Not many people have more than mere seconds to realize they are about to be involved in a car accident. Even if you were one of those people, you probably didn’t have time to contemplate the outcome. Perhaps all you had time to do was have a fleeting hope that you would survive since no one can predict the injuries that could occur during the impact.
If you remained conscious when your vehicle came to a rest, you may have begun assessing what kind of injuries you suffered. You may have suspected at that point that you suffered from a spinal cord injury because you had no feeling in your legs, but you probably rationalized it as shock. It wasn’t until your doctor told you that you suffered a complete spinal cord injury that you knew the truth. Now, you wonder what happens next.
Could you suffer from spinal shock instead?
Sometimes, it isn’t possible to accurately determine whether a complete spinal cord injury occurred, which is why most New Mexico doctors give a tentative diagnosis because you could actually have suffered from spinal shock. This condition happens in the immediate aftermath of the accident that caused the injury. A sufferer experiences a sudden and unexpected loss of muscle tone and reflexes.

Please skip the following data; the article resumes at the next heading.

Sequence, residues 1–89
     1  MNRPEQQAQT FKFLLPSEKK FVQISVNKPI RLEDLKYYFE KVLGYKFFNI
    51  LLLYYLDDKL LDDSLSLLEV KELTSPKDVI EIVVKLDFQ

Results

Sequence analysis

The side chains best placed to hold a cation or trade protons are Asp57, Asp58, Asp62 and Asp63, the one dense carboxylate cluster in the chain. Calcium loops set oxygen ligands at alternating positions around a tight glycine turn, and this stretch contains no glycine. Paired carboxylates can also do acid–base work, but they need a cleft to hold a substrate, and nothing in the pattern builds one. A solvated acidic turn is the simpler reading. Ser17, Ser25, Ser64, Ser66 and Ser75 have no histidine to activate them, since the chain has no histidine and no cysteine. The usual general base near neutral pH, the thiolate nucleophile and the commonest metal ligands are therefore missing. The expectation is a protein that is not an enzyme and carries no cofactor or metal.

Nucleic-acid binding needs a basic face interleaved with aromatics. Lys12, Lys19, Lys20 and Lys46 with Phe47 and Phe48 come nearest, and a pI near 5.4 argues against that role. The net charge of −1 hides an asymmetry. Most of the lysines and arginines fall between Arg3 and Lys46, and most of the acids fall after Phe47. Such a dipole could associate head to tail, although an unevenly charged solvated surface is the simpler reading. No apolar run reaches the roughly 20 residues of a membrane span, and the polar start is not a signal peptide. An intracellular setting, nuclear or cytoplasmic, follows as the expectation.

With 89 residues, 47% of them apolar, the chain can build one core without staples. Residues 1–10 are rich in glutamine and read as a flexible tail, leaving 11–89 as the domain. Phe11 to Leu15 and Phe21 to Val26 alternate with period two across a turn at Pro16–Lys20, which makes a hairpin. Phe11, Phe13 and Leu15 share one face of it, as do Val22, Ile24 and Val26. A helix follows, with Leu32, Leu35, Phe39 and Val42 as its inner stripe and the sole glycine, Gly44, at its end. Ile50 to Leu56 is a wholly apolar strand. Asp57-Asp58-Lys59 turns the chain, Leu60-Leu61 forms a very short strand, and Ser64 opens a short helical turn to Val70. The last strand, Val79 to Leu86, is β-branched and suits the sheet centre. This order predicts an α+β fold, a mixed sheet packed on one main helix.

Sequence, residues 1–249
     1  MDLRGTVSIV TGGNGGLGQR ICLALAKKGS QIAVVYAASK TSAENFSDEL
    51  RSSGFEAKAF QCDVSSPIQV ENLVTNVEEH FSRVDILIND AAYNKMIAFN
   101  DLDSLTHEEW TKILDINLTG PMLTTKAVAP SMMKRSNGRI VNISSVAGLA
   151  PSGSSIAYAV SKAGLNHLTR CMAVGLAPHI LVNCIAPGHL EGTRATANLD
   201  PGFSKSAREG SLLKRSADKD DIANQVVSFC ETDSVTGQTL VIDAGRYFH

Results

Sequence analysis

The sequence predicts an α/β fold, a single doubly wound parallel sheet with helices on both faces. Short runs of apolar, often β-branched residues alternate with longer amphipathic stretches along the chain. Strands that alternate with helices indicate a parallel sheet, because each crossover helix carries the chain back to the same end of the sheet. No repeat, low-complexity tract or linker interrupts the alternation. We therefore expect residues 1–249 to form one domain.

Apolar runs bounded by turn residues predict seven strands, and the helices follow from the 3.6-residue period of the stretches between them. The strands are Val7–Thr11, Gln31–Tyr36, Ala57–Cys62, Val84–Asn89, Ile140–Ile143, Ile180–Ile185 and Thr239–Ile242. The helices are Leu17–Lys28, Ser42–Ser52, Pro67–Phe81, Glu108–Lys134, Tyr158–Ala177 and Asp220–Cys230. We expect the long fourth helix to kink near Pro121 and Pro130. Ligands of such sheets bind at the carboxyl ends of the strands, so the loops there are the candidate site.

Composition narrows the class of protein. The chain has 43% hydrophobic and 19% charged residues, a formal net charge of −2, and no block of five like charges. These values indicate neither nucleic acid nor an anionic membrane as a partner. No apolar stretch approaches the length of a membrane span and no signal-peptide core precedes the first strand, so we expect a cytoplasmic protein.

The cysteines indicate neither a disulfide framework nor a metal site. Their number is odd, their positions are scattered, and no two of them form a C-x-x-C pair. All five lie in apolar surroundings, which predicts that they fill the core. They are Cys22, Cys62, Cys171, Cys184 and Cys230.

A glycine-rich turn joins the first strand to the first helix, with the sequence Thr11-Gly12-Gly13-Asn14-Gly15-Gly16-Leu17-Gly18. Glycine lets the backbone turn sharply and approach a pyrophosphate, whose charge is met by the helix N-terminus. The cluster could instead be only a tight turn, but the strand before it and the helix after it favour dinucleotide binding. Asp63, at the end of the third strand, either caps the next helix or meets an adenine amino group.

Spinal shock ordinarily lasts anywhere between a few days to about 12 weeks. After this period, doctors will have a better idea of the true nature of your SCI.
If the diagnosis remains a complete SCI
If your doctors confirm that you suffer from a complete SCI, doctors could prescribe one or both of two promising treatments:
Your condition may require other treatments as well. If you are part of the approximately 31% of SCI patients diagnosed with a complete SCI, you will more than likely need medical and other assistance for the rest of your life. This will affect nearly every aspect of your life, including your finances. If the actions of another person led to your injury, you could pursue compensation that could help relieve the financial burdens associated with your injury.